Texas A&M’s AgriLife Research scientists just released a new study showing how “bioenergy sorghum “could be a huge player in removing larger amounts of carbon dioxide from the air and putting more carbon back in our soils. In fact, research is showing the crop can improve soil fertility and potentially earn carbon credits to offset greenhouse gas emissions. The research also shows that bioenergy sorghum’s unusually deep root system can reach sources of water and nutrients untapped by other annual crops, meaning the crop can help manage fertilizer runoff from other annuals in a crop rotation. I encourage everyone to read the full study ” Bioenergy sorghum’s deep roots: A key to sustainable biomass production on annual cropland“
The group has been working for 15 years to develop this bioenergy sorghum. From what I understand, the hybrid used in the recent study creates high yields of biomass for fuel, power, and bioproduct generation and also has excellent drought resilience, good nitrogen-use efficiency, and a deep root system.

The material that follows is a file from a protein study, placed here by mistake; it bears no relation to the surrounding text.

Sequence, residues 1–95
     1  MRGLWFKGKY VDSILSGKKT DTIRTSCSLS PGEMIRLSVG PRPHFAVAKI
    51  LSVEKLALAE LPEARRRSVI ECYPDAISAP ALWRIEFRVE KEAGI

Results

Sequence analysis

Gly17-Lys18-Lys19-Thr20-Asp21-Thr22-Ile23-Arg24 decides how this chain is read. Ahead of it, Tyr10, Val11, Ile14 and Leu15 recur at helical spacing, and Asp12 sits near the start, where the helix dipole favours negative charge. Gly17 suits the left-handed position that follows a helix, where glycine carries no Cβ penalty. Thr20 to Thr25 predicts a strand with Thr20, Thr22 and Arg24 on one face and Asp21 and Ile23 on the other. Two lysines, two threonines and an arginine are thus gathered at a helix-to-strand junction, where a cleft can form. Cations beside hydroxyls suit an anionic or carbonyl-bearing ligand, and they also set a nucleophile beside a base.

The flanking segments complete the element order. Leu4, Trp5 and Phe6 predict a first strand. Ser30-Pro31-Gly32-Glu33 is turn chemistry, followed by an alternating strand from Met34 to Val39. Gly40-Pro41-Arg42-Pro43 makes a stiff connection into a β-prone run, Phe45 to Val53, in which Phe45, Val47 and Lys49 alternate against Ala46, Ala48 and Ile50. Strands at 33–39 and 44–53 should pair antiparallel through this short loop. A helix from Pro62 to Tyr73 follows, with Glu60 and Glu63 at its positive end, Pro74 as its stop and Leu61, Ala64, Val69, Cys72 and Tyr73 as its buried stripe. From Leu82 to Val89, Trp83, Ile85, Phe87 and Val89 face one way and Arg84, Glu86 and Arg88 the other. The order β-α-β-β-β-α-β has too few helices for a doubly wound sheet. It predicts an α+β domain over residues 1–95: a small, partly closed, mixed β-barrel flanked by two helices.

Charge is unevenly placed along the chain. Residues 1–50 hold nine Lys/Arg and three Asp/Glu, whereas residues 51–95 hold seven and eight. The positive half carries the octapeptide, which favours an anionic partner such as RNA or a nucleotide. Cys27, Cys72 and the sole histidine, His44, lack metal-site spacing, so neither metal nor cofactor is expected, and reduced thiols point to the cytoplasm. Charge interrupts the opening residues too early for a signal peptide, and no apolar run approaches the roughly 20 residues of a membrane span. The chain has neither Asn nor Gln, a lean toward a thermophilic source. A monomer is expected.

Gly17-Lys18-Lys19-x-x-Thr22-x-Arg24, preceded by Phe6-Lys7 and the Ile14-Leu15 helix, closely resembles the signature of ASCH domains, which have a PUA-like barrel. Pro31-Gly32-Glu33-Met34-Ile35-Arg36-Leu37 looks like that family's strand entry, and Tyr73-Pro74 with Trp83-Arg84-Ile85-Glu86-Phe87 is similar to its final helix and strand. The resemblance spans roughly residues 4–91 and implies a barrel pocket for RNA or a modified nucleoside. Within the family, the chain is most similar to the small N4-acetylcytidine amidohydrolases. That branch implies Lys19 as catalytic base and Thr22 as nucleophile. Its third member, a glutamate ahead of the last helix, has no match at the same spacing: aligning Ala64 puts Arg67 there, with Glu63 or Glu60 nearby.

According to the study, an acre planted with a bioenergy sorghum hybrid accumulates about 3.1 tons of dry root biomass over the crop’s 155-day growing season with roots going down as deep as six and a half feet over their growing season. Keep in mind, these numbers are also important for understanding the crop’s potential to improve soil fertility and water-holding capacity by replenishing soil organic carbon, not an insignificant matter when you realize that over the last 100 years, soil organic carbon levels have fallen by -50% in land planted with annual crops.
Moral of the story, “bioenergy sorghum” is a crop some of us might want to take a deeper look at. I think there is going to be very strong interest in the years ahead for growers in certain locations. Early on there might be some hurdles to clear in regard to infrastructure and places producers can easily sell this crop after growing it. Perhaps there will be more “contracted” type plays for growing the crop. Bottom line, bioenergy sorghum may have found a sweet spot with some growers. Clearly, this isn’t an option for all growing regions, but definitely, something to be considered in the right areas, especially as we move deeper into carbon sequestration and the markets that are still developing. Very interesting crop! (Source: agrilifetoday, phys.org)